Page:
Released in 1966, the incendiary first single by The Yardbirds is the shape of things to come.
The power and glory of the tune anticipates the earth-shattering albums by Led Zeppelin, not surprising when you learn that it features Jimmy Page on telecaster guitar and, then-session man, John Paul Jones on bass.
The camera work for the performance on a 60s pop show is all over the place, so there are no direct shots of the two lead guitarists (the other one just happens to be Jeff Beck!).
The only heads we see are singer Keith Relf and drummer Jim McCarty (Page can be spotted in the background).
Astonishingly, many Yardbirds compilation albums , including the misnamed Ultimate Collection, don’t feature this amazing song although a great review by The Seth Man at Julian Cope’s Head Heritage helps ensure that it is not a forgotten classic
THIS MIGHT GET LOUD directed by Davis Guggenheim (USA, 2009)
This is a film that celebrates three well established guitar heroes – Jack White, The Edge and Jimmy Page.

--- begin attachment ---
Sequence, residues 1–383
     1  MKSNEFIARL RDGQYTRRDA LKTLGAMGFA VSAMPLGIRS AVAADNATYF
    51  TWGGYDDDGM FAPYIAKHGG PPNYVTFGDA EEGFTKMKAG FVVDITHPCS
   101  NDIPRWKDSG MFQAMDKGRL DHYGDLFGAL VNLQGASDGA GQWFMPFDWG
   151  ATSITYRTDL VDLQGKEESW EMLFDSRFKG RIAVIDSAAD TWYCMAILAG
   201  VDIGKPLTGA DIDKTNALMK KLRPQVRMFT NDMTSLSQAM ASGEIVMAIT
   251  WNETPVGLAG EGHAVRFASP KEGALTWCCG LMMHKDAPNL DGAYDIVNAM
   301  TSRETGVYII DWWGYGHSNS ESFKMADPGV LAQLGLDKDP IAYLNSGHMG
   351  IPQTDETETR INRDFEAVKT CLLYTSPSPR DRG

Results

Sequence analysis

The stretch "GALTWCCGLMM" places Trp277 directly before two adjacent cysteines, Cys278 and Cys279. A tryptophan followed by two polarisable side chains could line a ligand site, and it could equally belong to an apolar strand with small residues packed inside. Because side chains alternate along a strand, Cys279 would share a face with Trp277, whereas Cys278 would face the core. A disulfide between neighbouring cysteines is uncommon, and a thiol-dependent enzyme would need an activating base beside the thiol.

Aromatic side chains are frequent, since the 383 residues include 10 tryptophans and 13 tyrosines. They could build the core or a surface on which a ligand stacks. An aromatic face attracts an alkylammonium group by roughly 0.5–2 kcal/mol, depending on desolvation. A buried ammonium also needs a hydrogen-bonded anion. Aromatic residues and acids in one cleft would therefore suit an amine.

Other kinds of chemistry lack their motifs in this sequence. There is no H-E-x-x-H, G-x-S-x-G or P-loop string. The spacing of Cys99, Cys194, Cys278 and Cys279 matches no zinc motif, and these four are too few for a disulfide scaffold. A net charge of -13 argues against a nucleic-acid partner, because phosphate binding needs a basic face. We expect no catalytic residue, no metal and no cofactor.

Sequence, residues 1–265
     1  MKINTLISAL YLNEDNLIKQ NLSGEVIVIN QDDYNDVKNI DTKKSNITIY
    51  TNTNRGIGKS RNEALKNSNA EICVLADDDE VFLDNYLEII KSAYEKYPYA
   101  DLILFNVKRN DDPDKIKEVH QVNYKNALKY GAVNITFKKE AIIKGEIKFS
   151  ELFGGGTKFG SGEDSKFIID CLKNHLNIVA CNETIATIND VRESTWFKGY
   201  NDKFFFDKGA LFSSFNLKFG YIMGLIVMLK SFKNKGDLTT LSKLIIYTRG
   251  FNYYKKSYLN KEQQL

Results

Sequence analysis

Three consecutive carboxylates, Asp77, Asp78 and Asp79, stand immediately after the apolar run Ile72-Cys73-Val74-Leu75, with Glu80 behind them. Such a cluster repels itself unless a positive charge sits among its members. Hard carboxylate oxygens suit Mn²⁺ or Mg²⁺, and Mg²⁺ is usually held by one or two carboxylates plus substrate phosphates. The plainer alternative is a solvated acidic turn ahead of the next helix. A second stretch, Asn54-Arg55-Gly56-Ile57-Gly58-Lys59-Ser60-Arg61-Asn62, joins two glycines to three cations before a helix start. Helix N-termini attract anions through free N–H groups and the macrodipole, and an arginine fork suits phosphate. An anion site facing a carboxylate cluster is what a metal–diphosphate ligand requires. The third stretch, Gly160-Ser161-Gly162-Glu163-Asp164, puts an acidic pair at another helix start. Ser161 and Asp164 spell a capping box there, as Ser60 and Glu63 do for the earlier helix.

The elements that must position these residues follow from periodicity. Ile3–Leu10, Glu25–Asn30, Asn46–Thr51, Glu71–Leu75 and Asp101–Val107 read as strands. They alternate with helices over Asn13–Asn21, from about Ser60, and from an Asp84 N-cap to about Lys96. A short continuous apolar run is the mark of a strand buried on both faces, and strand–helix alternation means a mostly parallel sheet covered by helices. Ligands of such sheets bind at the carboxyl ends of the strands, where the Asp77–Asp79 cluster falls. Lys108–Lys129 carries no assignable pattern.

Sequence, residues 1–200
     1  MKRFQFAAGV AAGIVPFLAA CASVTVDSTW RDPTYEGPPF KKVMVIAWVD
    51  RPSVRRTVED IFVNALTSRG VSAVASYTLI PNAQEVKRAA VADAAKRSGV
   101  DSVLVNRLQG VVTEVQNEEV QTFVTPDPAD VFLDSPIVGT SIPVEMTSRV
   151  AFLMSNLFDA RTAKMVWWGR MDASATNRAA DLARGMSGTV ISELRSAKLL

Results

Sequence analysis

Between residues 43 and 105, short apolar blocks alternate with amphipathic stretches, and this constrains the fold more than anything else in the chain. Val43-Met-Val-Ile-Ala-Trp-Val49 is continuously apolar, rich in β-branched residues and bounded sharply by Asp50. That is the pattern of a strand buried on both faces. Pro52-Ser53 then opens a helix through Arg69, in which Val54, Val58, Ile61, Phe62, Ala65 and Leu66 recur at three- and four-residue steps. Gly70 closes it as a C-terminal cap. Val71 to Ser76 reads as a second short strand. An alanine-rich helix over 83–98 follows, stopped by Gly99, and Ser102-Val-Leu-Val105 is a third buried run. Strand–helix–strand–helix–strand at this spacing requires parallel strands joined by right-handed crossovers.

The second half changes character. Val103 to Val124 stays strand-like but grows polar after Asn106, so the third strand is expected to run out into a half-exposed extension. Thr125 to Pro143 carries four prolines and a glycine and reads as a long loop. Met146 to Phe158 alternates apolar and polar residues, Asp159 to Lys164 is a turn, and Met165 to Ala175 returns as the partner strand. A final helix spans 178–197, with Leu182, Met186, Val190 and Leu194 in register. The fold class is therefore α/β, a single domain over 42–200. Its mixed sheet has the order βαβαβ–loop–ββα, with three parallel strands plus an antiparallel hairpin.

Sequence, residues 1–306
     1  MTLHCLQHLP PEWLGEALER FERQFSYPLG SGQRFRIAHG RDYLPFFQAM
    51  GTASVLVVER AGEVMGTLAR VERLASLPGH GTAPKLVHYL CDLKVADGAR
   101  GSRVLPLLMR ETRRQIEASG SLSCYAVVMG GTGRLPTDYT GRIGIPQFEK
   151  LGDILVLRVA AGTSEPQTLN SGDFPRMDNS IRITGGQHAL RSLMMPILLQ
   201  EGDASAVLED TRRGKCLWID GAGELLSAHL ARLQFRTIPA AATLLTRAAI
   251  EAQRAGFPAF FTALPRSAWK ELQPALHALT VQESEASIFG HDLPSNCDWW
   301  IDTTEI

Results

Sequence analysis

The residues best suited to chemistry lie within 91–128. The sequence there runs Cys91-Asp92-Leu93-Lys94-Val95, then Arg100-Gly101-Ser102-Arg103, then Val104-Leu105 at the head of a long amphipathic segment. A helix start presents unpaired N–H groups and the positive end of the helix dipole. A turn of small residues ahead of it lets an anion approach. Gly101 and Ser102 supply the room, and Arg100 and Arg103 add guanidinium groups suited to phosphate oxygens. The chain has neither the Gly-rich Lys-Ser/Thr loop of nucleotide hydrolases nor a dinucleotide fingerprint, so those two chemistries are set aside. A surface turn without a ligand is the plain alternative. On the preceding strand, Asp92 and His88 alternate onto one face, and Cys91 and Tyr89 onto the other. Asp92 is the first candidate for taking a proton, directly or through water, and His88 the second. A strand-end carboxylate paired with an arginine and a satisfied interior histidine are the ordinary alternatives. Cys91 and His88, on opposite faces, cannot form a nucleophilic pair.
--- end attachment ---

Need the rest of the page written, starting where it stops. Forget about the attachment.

See if you can match the following quotes with each;
- “When you start to treat the sound, you start to invoke location”.
- “People know when it’s fake”
- “I never wanted to play the guitar ………. what’s the point?”
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This was a civilised (and healthy) way to end a busy working week. The local council in my home town of Cesena in Emilia-Romagna have sponsored a series of free initiatives to encourage people to get out and engage in gentle physical activity. They have proved very popular.
You can do tai chi, go on organised walks and tonight I joined about 150 others for an hour and a half of light yoga.
Getting my ageing limbs into some of the poses was nigh on impossible, but since there were all ages and sizes I didn’t feel embarrassed. A very relaxing way to spend a warm evening.
It’s officially summer!
The best line from the David Bowie documentary produced and directed by Francis Whately is from guitarist Earl Slick who said of the Station To Station period : “It was out there – out there worked”.
Bowie described himself as “one man against the world” and the film shows him as a collector of images and styles leaving it to other people to interpret what it all means. View full article »